What will Billionaire Bunny's blog be about?

It has been more than six years since my portfolio and blog inception. During these six years of managing my portfolio, using dividend growth and value investing generated a decent annual return to my portfolio. After the portfolio split with my older brother and starting with $400,000 of capital in October 2015, I was able to turn my portfolio to $1,065­,000 as of April 2021. That's a compound annual growth return of 13% since the inception of October 2015.

"Billionaire Bunny" will be a personal finance blog about me. Like "Dividend Growth Bunny," I will continue documenting my investing journey. However, this blog will become more of a personal blog about me since I have created a new website such as FinzWatch, a financial media company that gives readers information about personal finance, stock investing, and more in this niche. I believe that "Billionaire Bunny" will be a blog page documenting my personal life and financial freedom journey. 


Creating this new site can help readers out there who want to learn more about me. I hope this blog can help me connect with new like-minded investors out there who can connect with me. Because of this blog, I have met friends in stock investing. One good friend I met through this blog is Christopher Lee Susanto. He is also a value investor, finance blogger, and mentor. I hope from this blog; I can meet new friends just like how I met Chris Lee.

I am not stopping investing and will continue my financial journey to become wealthy one day. I don't have a clue where I'm going to be 10 or 20 years from now. Billionaire Bunny's blog will let readers and followers know about my financial journey to become a billionaire somehow in the future. This blog will not just talk about budgeting and stock investing but also the side hustles I am working on. I'm doing whatever I can to increase my earnings, and I am willing to share this information with readers of this blog. Hopefully, all the things I am doing can be an inspiration and learning experience for everyone. So, please keep checking this blog out daily to stay updated with the things I'm doing.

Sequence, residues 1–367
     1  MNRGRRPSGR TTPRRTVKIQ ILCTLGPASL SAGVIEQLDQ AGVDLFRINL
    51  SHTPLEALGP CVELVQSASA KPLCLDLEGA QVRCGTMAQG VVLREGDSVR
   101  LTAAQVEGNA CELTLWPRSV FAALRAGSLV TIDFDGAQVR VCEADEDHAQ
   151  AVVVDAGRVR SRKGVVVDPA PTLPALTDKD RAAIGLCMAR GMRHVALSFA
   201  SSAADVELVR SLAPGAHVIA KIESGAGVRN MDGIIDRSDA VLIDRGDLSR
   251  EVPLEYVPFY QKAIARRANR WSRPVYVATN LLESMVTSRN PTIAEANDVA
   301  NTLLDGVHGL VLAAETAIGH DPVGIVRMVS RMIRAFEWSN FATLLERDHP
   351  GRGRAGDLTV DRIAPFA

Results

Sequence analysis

1. Looking out for our parents are great!! I'm all for it! It's truely making a different having money invested rather than just have it sitting around and get eaten up by inflation.

  2. Hi Hansen,

    Just saw your post at AHN and thought I drop by here to take a look. Reading through your about me page was pretty interesting. However, there is 1 area that you briefly mentioned that I might have to take an opposite stand on. Its the section about "Rich Dad, Poor Dad" where real estate investing was the focus. I have been in real estate for 14 years now. Got my sale person license in 2007 an purchased our first income producing with my family in 2009 and another one in 2011. Those properties are currently sitting at around 140% gain of what we purchased it at. But thats not the amazing thing. The amazing thing is, since we are living in the US we can literally borrow 75% of the purchase price and only put out 25% as a down payment. So the actual % gain is more around (560%) over the span of 12 years. I am not sure if you have access to buying property in the US or not but if you do I do highly recommend looking into it. Also, I am a member of the BiggerPockets.com website and you can read more about real estate investing from there. They have everything you need to know about real estate investing. Hopefully I can see you and connect with you on there.

    1. Hi Unknown, thanks for visiting my blog; I appreciate it. I cannot use leverage to buy rental properties because I am not a U.S. citizen. I understand what you are trying to teach me; Grant Cardone uses leverage to build his real estate empire, one of my role models. I like Grant Cardone because he looks fantastic; however, I like Dave Ramsey's teaching as well. Dave Ramsey is conservative; however, he does not use leverage to build his real estate portfolio. However, I am not too fond of Dave Ramsey's look because he is bald, and I do not want to be bald like him.